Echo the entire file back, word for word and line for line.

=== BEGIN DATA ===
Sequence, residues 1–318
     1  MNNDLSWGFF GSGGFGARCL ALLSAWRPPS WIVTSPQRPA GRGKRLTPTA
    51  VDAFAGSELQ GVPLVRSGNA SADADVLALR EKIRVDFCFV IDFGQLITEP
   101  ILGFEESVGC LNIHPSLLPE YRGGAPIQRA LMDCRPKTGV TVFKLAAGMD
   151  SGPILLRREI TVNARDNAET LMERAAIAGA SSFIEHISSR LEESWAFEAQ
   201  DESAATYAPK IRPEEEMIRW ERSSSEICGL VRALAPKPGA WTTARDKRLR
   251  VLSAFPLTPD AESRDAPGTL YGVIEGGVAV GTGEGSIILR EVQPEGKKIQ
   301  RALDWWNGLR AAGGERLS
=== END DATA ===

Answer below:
Sequence, residues 1–318
     1  MNNDLSWGFF GSGGFGARCL ALLSAWRPPS WIVTSPQRPA GRGKRLTPTA
    51  VDAFAGSELQ GVPLVRSGNA SADADVLALR EKIRVDFCFV IDFGQLITEP
   101  ILGFEESVGC LNIHPSLLPE YRGGAPIQRA LMDCRPKTGV TVFKLAAGMD
   151  SGPILLRREI TVNARDNAET LMERAAIAGA SSFIEHISSR LEESWAFEAQ
   201  DESAATYAPK IRPEEEMIRW ERSSSEICGL VRALAPKPGA WTTARDKRLR
   251  VLSAFPLTPD AESRDAPGTL YGVIEGGVAV GTGEGSIILR EVQPEGKKIQ
   301  RALDWWNGLR AAGGERLS